Yep, the ECB has leaked that there are no leaks….




9 thoughts on “The ECB now considers fiscal policy via QE to be its most effective economic weapon

  1. Hello Shaun,

    The CBers have been mooting fiscal policy for some time now – but of course they cannot admit to their QE as a failing exercise can they ?


    • Hi Forbin

      I think this is more a case of c*ck up than conspiracy but it has turned out to be convenient for both central banks and governments. The central bank can remit QE profits to the government and thus its own salary bill tends to be nodded thorough. Governments get both a dividend and much cheaper borrowing costs.

      So “independent” central banks are here to stay….

  2. Great blog as usual, Shaun.
    At least Madame Lagarde did not make any references to helicopter money drops in her speech. Carolyn Wilkins the Senior Deputy Governor of the Bank of Canada, spoke in Toronto last Wednesday. After lying low during the election period from talking up a higher target rate of inflation she is back at it again, this time pushing forward, without attribution, the ideas of the former deputy governor of the Bank of Canada, Jean Boivin. Madame Lagarde’s speech stressed the role of an expansionary fiscal policy in helping the euro area. Helicopter money blurs the distinction between monetary policy and fiscal policy. As is its wont, the Bank of Canada bases its comments on a “forthcoming” staff paper, namely “The Power of Helicopter Money Revisited: A New Keynesian Perspective”, which still hasn’t been released a week later, and may, given the BoC’s track record, never be released. Dave Parkinson of the Globe and Mail, wrote of Wilkins’s speech: “The bank will look at the effects of balancing periods of below-target inflation by temporarily aiming for above-target inflation, and vice versa; using nominal gross domestic product as a target rather than inflation; and adopting a dual mandate of both an inflation target and full employment…” There is no reference to helicopter money drops in Dave’s summary although it was highlighted in Wilkins’s speech. Also the vice-versa reference, which was taken verbatim from Wilkins’s speech, is a tad suspect. The helicopter money drop paper by Jean Boivin and colleagues only spoke of price level targeting, since that is really what is under discussion, in connection with the helicopter money drops, to react to a recession. Once you change your regime from inflation targeting to price level targeting in a recession there is nothing to prevent you from switching back again in an expansion. Rinse and repeat. It is really another way to guarantee the public a more inflationary future over the long term.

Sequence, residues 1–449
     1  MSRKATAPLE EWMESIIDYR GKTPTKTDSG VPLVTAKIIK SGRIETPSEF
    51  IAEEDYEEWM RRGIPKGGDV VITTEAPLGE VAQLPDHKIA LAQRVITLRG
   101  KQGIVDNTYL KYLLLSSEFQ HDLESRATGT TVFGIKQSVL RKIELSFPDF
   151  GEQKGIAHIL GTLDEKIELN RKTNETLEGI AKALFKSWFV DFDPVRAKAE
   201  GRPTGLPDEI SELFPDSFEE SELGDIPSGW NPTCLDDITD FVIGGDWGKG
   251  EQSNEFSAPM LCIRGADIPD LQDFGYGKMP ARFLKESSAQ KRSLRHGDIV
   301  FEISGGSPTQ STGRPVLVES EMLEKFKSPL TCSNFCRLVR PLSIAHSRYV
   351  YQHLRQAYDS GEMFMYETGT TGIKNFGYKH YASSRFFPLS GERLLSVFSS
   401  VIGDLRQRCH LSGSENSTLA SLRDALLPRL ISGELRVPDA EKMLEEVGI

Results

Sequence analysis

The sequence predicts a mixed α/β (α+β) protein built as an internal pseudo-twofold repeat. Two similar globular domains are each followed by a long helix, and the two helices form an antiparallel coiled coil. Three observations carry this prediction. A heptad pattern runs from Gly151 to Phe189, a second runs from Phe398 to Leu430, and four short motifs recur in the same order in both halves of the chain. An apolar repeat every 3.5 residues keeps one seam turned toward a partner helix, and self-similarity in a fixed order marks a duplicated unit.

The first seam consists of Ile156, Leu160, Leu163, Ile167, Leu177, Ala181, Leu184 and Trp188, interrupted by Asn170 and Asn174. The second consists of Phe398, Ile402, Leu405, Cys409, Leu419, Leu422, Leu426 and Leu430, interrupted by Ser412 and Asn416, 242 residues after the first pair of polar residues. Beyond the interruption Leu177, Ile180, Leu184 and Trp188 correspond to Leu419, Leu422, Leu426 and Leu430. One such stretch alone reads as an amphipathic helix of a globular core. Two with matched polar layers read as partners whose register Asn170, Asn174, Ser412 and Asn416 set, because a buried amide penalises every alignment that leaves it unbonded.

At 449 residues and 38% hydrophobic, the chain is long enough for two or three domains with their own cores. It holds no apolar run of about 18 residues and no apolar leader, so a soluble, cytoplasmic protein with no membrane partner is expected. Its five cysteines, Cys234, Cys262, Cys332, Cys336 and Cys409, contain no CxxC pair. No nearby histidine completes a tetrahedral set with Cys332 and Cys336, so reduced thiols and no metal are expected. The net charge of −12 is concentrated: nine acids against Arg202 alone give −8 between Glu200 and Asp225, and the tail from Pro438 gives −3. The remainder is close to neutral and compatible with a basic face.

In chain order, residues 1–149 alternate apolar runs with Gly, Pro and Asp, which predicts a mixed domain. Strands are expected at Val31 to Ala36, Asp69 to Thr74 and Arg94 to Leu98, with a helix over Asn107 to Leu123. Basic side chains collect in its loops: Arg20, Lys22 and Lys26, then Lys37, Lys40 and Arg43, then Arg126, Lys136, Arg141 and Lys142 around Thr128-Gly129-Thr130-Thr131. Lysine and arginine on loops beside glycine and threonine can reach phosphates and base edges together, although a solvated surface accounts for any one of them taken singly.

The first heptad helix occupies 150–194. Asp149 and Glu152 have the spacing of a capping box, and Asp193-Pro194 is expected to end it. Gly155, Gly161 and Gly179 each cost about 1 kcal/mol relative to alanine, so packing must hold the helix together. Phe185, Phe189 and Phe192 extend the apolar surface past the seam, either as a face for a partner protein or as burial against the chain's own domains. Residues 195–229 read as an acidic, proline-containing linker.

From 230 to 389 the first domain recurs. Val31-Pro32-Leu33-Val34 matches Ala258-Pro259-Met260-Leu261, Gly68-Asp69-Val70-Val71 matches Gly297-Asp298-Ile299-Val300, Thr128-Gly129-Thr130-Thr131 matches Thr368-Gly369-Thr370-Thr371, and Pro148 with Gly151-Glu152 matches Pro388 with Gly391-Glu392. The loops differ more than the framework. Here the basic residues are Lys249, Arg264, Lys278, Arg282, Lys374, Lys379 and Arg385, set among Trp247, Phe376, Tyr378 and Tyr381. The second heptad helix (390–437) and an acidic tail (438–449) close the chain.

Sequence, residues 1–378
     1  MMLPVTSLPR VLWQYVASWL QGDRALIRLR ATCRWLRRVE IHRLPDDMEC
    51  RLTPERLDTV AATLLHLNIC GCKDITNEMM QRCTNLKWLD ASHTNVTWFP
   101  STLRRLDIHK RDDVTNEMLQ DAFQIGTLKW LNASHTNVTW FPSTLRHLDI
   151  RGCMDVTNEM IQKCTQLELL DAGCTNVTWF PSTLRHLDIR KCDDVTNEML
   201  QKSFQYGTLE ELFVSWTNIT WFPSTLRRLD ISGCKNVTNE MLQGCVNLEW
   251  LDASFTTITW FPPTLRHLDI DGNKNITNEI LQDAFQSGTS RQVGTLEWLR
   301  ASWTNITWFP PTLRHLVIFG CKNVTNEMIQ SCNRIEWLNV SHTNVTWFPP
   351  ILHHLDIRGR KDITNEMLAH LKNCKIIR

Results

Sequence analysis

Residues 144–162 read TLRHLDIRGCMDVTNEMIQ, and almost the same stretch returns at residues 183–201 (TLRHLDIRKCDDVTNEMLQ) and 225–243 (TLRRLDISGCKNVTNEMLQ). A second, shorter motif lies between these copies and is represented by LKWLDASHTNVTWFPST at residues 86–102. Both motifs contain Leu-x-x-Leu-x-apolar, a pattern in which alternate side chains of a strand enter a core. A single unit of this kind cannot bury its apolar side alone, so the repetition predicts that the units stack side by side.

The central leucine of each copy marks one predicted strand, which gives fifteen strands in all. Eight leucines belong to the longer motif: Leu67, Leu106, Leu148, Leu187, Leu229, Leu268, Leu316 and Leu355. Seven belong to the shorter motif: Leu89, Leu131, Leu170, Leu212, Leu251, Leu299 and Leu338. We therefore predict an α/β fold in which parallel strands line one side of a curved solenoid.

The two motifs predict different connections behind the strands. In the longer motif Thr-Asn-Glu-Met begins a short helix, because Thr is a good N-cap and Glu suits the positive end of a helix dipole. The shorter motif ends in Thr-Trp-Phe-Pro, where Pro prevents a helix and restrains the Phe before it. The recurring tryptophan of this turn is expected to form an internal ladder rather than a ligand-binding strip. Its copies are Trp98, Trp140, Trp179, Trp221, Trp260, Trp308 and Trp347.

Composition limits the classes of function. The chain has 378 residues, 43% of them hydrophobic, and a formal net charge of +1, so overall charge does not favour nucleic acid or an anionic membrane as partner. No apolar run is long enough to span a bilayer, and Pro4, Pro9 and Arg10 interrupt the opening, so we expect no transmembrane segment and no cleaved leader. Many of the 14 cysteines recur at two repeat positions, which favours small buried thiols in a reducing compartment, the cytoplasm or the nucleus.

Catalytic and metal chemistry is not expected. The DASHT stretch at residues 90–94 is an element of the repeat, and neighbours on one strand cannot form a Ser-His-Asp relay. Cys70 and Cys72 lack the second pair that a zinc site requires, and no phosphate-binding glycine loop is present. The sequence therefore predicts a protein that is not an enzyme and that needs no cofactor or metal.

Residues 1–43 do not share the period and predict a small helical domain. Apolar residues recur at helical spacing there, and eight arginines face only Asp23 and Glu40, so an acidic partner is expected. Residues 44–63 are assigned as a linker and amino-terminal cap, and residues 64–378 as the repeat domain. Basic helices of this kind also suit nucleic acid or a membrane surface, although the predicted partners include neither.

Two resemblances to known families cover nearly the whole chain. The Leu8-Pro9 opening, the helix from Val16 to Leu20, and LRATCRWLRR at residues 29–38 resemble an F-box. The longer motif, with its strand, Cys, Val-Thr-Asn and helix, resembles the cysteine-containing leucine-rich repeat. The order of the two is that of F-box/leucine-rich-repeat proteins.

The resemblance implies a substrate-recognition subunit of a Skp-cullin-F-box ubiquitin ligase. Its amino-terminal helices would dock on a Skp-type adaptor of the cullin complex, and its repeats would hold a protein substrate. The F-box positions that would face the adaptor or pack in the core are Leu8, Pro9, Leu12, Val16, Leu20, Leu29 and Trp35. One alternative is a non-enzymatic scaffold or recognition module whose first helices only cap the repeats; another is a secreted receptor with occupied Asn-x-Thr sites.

There seem to be a lot of central bankers musing about a target rate of inflation above two percent, but no-one, neither Lagarde, Powell, nor anyone else, who want to take it lower. It’s a shame. As John Crow wrote in “Canada’s Difficult Experience in Reducing Inflation”: “[A]t no point did the Bank volunteer a numerical price-stability target – although early on I did, in response to a media question, indicate that as regards a desirable rate of inflation, ‘three is better than four, two better than three, one better than two, and zero better than any of them’.” I’m looking forward to Mme Lagarde’s dynamite “one is better than two” speech. When will it happen?

    • er ” I’m looking forward to Mme Lagarde’s dynamite “one is better than two” speech. When will it happen?…”

      would you trust what this woman said anyway ?


      • ” Like digitalisation, climate change affects the context in which central banks operate.”

        I wouldn’t trust her to administer digitalis.

      • Thank you for your response, Forbin. No, I don’t trust much that Mme Lagarde said, and in the unlikely event she came out in favour of a one-percent target rate of inflation, I would be skeptical about her implemnting it.
        By the way, my search engine let me down in my comment. The forthcoming paper by Thomas Carter and Rhys Mendes on helicopter money is available online now and seems to have been posted on February 10. In this instance, at least, my snide comment about the Bank of Canada was unwarranted.